Issues with other models

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This topic contains 34 replies, has 14 voices, and was last updated by  transtraxman 12 Sep 2019
at 10:39
.

Viewing 15 posts - 1 through 15 (of 35 total)

  • transtraxman
    Participant

    Two incidents have been reported yesterday and today in Simple Flying.

    “HK Express Airbus A321 Involved In Engine Shutdown”.
    An A321 en route from Hong Kong to Phuket had to divert to Da Nang and land on one engine.

    https://simpleflying.com/hk-express-engine-shutdown/

    “Airbus A350 Bug: Some Planes Need To Be Turned Off Every 149 Hours”.
    This applies to some A350-900 models which need a patch, known since 2017, which not all airlines have applied.

    Airbus A350 Bug: Some Planes Need To Be Turned Off Every 149 Hours

    The last paragraph is particularly important.
    “You’d think that the correct course of action would be to get the mods installed. However, for airlines, a plane on the ground is losing them money. As such, many operators are choosing to continue with the ‘off and on again’ process rather than take their A350 out of service for the update to take place.”

    2 users thanked author for this post.

    cwoodward
    Participant

    A350
    The issue is only applicable to aircraft produced in 2016 or earlier i.e. not many and 90% of them have the patch that fixes the issue.

    If no patch the fix is to simply turn the power to the aircraft off and on again before 150 hours elapse. If this was not done some systems would not function correctly
    All reputable carriers would have installed the patch long ago.

    THE issue occurs if airlines leave the power connected to the electronic systems when the aircraft is parked in order to make maintenance easier and the issue occurred only in this unusual situation.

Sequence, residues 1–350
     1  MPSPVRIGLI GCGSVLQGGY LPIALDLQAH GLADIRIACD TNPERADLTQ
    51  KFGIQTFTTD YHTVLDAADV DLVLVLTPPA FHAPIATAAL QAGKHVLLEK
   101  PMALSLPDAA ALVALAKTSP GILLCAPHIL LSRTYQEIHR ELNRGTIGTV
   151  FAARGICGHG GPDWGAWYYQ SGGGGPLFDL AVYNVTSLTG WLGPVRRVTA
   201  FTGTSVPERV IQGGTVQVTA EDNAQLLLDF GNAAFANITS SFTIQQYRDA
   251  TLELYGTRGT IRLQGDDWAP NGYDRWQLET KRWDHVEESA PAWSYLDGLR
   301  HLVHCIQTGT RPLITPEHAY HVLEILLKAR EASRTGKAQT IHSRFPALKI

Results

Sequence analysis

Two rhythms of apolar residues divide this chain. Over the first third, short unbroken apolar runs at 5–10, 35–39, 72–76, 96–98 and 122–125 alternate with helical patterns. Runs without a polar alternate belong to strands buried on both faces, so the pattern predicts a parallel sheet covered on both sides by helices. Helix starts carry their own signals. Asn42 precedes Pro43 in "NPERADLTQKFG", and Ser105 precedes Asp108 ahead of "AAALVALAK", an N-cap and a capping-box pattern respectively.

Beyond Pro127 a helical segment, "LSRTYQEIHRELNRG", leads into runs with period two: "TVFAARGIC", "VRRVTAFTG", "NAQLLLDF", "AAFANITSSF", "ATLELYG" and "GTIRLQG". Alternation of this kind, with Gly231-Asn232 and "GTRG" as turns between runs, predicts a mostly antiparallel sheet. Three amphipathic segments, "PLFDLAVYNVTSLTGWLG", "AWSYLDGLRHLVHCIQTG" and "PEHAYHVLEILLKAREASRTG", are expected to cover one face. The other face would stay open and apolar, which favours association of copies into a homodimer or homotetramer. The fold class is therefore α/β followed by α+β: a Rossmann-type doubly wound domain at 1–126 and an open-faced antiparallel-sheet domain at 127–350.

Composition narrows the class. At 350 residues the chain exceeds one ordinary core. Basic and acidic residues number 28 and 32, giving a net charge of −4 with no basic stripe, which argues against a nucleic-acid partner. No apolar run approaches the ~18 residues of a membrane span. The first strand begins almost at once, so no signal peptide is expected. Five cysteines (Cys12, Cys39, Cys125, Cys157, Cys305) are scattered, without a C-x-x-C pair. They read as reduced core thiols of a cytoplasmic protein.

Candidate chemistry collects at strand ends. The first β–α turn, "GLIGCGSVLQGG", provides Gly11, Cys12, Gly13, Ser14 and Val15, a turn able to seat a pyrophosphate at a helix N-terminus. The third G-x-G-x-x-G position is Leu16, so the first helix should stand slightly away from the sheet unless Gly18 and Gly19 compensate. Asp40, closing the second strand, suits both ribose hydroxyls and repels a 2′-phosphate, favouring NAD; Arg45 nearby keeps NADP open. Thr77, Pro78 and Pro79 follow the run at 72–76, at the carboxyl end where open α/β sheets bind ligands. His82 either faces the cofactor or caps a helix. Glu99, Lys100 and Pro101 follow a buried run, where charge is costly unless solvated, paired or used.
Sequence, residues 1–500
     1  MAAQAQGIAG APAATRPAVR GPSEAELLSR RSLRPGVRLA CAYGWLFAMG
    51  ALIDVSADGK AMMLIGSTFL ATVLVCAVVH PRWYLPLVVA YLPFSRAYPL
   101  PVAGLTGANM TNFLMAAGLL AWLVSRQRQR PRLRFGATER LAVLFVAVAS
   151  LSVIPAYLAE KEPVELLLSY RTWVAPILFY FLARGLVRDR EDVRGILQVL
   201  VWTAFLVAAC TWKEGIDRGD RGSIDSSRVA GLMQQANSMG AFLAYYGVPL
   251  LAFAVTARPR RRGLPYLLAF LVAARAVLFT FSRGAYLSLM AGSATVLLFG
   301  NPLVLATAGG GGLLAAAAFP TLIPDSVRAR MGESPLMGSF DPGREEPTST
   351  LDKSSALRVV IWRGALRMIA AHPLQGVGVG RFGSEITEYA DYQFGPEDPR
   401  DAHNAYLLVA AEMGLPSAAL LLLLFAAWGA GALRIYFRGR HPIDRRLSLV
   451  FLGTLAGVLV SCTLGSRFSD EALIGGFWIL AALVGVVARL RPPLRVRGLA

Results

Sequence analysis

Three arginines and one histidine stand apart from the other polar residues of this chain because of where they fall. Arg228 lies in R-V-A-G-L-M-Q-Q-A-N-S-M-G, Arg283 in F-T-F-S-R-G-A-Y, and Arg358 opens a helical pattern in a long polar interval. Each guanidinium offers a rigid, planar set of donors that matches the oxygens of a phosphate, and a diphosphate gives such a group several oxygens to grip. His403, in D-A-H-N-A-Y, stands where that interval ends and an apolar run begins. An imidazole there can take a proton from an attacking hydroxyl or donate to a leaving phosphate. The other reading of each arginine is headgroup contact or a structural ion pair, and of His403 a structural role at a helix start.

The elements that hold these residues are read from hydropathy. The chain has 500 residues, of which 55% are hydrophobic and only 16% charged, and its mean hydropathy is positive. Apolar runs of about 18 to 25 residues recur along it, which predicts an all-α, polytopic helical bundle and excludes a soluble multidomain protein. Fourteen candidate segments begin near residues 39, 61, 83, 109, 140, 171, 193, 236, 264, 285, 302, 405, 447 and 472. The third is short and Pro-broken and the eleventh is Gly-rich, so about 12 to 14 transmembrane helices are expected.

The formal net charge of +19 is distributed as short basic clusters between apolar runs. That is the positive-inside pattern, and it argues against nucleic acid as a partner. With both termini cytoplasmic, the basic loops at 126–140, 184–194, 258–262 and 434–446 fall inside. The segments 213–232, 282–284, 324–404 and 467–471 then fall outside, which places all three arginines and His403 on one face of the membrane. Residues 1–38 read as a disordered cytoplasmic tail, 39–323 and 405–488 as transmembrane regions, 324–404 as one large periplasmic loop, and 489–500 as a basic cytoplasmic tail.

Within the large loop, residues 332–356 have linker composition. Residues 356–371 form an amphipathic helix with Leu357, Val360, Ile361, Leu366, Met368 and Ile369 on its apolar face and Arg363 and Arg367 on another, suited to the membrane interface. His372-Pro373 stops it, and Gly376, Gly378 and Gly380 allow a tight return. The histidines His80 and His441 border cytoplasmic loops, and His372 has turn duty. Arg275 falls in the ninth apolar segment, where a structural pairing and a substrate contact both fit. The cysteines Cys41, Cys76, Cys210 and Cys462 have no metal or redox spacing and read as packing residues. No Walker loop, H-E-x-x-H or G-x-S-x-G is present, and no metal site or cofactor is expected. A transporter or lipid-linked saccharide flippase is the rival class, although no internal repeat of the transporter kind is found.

Aircraft produced from late 2016 forward do not have this issue.

    A321 shut-down referred to above is nothing that does not happen to all aircraft types and operators from time to time and of course the fault is with the engine not the aircraft.
    Nothing to see here (and I am wondering why ‘transtaxman’ feels that such an everyday occurrence is worthy of a mention) – move along


    alanred13
    Participant

    fault is with the engine not the aircraft

    Oh that’s ok then


    transtraxman
    Participant

    I tend to think that after the B737 Max incidents and the problems with the Trent engine it is probably better if the users are more aware of all incidents that occur. You might call that overkill, I just call it being aware.

    The two incidents I mentioned earlier are explained in the articles connected by the links. I think it superfluous to repeat what others have gone to great lengths to find out. Moreover, if you are not interested you do not have to read through a load of bunff, but just get the general picture.

    3 users thanked author for this post.

    Inquisitive
    Participant

    Trying to find fault with airbus will not exonerate Boeing’s mistakes or liabilities in the Max case – based on news reports their CEO already accepted that Boeing made a mistake.

    We can criticise EU for too much regulation but I believe many EU rules led to a safer society and that includes aviation sector as well. Even the EU261 is great achievement that USA need to copy.


    alanred13
    Participant

    Trying to find fault with airbus will not exonerate Boeing’s mistakes or liabilities in the Max case

    I can’t see a reference to Boeing anywhere in these articles. transtraxman just put up links to two interesting articles which I appreciate.

    1 user thanked author for this post.

    BrotherJim
    Participant

    Trying to find fault with airbus will not exonerate Boeing’s mistakes or liabilities in the Max case

    I can’t see a reference to Boeing anywhere in these articles. transtraxman just put up links to two interesting articles which I appreciate.

    Whilst Boeing may not be specifically mentioned, the title and the overall tone of the post infers a comparision to the 737MAX issues.

    1 user thanked author for this post.

    cwoodward
    Participant

    Transtaxmans initial post to me points to a significant degree prejudice against Airbus.

    It makes a significant point of the inflight engine shut down of an Airbus but makes no mention what-so-ever of a Boeing engine shut down in flight on the same day at San Francisco or a Swiss Bombardier near Paris.
    As mentioned above engine shut-downs inflight happen every day.


    canucklad
    Participant

    We can criticise EU for too much regulation but I believe many EU rules led to a safer society and that includes aviation sector as well.

    You’re right, however I’m a great believer that Newtons theory of motion can be applied to most things in life , a sort of scientific approach to Karma

    On one side you’ve got Boeing . A company under pressure to perform in an increasingly competitive market.